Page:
It’s that time of year again. In three weeks students at my school will spend time outside the classroom setting engaged in a broad range of activities. Last year I helped lead a group of 40 students on a civil rights trip from Atlanta to Memphis. It was an incredibly rewarding experience for everyone involved.
This year I will lead my own group of 12 students on a Civil War battlefield tour that will explore the war in 1862 and 1863. We will visit the battlefields of Antietam, Fredericksburg, and Gettysburg as well as the town of Harpers Ferry. The time frame of the battles will give us the opportunity to explore a number of issues, including the relationship between the battlefield and home front and the gradual shift in Union policy toward emancipation. Continue reading “Following the 20th Massachusetts From Antietam to Gettysburg”
Stephen Berry is one of my favorite Civil War historians writing today. He has tackled a wide range of subjects from Civil War soldiers to the Lincolns. Regardless of the topic, I am always challenged by his thorough analysis and creativity of thought. This year’s Bottimore Lecture was delivered by Steve and is focused on the very simple question of what it was like to be shot in the Civil War. I highly recommend taking the time to watch it, but it is his closing remarks that I want to highlight. It’s an incredibly eloquent conclusion that offers a persuasive case for why it is important to remember the men who died in our Civil War.
It is not pleasant, I know, looking real war in its real face. But if we are to make war, we had better know what we are making. For myself, I grant that the Civil War was worth it. it answered forever whether we were a Union of states or one nation indivisible. It answered forever whether a Republican form of government could endure. It answered forever whether a nation dedicated to freedom would be built on the backs of slaves.
But today when I hear folks in the South talking half seriously about secession or hear folks in the North talk seriously about letting the South go or hear folks all over this country forget what Lincoln perfectly understood that the leading object of government is to elevate the condition of men. To lift artificial weights from all shoulders. To clear paths of laudable pursuits for all. To afford all an unfettered start and a fair chance in the race of life. When I hear such ludicrous things said and such important things forgotten I always have a desperate urge to show them the Civil War as it really was.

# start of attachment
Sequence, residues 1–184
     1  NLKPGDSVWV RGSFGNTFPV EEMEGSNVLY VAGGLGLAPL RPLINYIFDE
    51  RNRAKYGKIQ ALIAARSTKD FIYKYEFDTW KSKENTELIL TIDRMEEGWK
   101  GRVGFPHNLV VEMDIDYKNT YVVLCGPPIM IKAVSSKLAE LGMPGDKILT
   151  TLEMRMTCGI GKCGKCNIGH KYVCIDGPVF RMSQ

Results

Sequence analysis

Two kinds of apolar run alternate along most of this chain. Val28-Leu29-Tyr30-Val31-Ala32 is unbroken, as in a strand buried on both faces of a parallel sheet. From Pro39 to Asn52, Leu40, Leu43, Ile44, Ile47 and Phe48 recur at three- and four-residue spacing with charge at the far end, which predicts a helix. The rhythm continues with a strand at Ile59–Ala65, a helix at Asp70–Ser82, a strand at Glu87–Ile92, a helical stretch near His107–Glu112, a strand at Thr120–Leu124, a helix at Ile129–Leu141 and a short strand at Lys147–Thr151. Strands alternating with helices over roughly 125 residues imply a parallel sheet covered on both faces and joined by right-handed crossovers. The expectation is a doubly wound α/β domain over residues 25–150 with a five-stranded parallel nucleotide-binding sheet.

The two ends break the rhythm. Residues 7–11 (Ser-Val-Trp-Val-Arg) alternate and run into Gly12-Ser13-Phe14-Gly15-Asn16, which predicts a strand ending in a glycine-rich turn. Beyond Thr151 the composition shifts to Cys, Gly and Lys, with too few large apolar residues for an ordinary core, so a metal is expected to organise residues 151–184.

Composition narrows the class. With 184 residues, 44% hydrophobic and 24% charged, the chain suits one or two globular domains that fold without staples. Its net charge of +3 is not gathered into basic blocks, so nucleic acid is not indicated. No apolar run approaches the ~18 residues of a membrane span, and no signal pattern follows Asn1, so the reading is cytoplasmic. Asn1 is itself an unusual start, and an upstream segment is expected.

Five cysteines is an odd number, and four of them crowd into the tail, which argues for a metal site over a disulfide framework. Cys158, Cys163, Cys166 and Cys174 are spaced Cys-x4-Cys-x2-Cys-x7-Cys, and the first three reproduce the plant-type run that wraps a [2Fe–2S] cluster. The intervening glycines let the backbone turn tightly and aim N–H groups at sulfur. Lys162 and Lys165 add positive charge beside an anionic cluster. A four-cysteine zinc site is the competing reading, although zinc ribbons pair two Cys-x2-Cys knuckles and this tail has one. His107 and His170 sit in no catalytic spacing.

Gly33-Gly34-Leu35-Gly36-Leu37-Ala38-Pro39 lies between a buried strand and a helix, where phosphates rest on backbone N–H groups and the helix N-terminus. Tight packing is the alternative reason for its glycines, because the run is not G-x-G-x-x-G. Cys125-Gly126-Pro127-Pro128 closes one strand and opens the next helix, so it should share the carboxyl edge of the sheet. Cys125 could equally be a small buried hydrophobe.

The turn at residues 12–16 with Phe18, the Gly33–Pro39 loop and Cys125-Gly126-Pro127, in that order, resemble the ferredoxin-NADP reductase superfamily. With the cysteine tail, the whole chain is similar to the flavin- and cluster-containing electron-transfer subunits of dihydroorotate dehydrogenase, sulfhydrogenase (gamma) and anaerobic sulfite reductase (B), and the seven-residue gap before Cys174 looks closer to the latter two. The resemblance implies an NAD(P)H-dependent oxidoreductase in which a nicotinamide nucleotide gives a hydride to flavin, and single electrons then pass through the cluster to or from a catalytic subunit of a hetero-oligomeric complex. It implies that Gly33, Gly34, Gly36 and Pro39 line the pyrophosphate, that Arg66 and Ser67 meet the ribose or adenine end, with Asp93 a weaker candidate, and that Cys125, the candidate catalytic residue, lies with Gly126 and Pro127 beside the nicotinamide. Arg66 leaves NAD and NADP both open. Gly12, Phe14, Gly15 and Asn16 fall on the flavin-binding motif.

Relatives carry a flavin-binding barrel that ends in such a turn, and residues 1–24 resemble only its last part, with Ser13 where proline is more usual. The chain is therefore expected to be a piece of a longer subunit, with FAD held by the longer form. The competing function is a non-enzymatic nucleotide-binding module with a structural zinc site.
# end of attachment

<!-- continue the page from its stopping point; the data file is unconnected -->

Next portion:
In this sesquicentennial season of that conflict let us try to remember all that we paid and all that we paid for. And let us take better care of this country and each other.
The remarks above begin at the 45:45 mark in the video. Thanks, Steve.
Earlier this week Oxford University Press sent me a review copy of Mark Smith’s new book, The Smell of Battle, the Taste of Siege: A Sensory History of the Civil War. It’s a short book so I decided to jump right in and although I enjoyed Listening to Nineteenth-Century America, this one fell short in places. Each chapter is organized around a different sense: “The Sounds of Secession,” “Eyeing Bull Run,” and “Cornelia Hancock’s Sense of Smell” and so on.
There is certainly the potential for gaining a new understanding of important subjects during the war through a cultural analysis of changing sensory patterns. For example, Smith does a very good job of analyzing both the content and rising level of noise in Charleston leading up to and through Lincoln’s election and the secession vote. He explores how these changing patterns may have influenced slaves, the concerns of slaveowners and even Major Robert Anderson and his men as he planned their move from Fort Moultrie to Sumter. The strongest chapter focuses on the impact of Grant’s siege of Vicksburg on the quantity and type of food available to Southern civilians trapped in the town. Smith makes some very perceptive points about the sharp contrast between the menus in town restaurants and the overall diet of civilians before the war with what they were forced to eat during the siege and the threat such a drastic change posed to the community’s social and racial hierarchy, not to mention their own sense of self-identity. Continue reading “Sensing the Civil War”
This weekend was my first opportunity to visit Gettysburg on the anniversary of the battle. My wife and I had an incredible weekend with much of it spent on the battlefield. I so enjoyed finally having the opportunity to share this battlefield with her. Both of us were struck by the number of reenactors and impersonators in town on the anniversary weekend. They were everywhere. I saw multiple U.S. Grants at Little Round Top, Cemetery Ridge and our hotel. Continue reading “All It Takes is a Hoop Skirt and Uniform”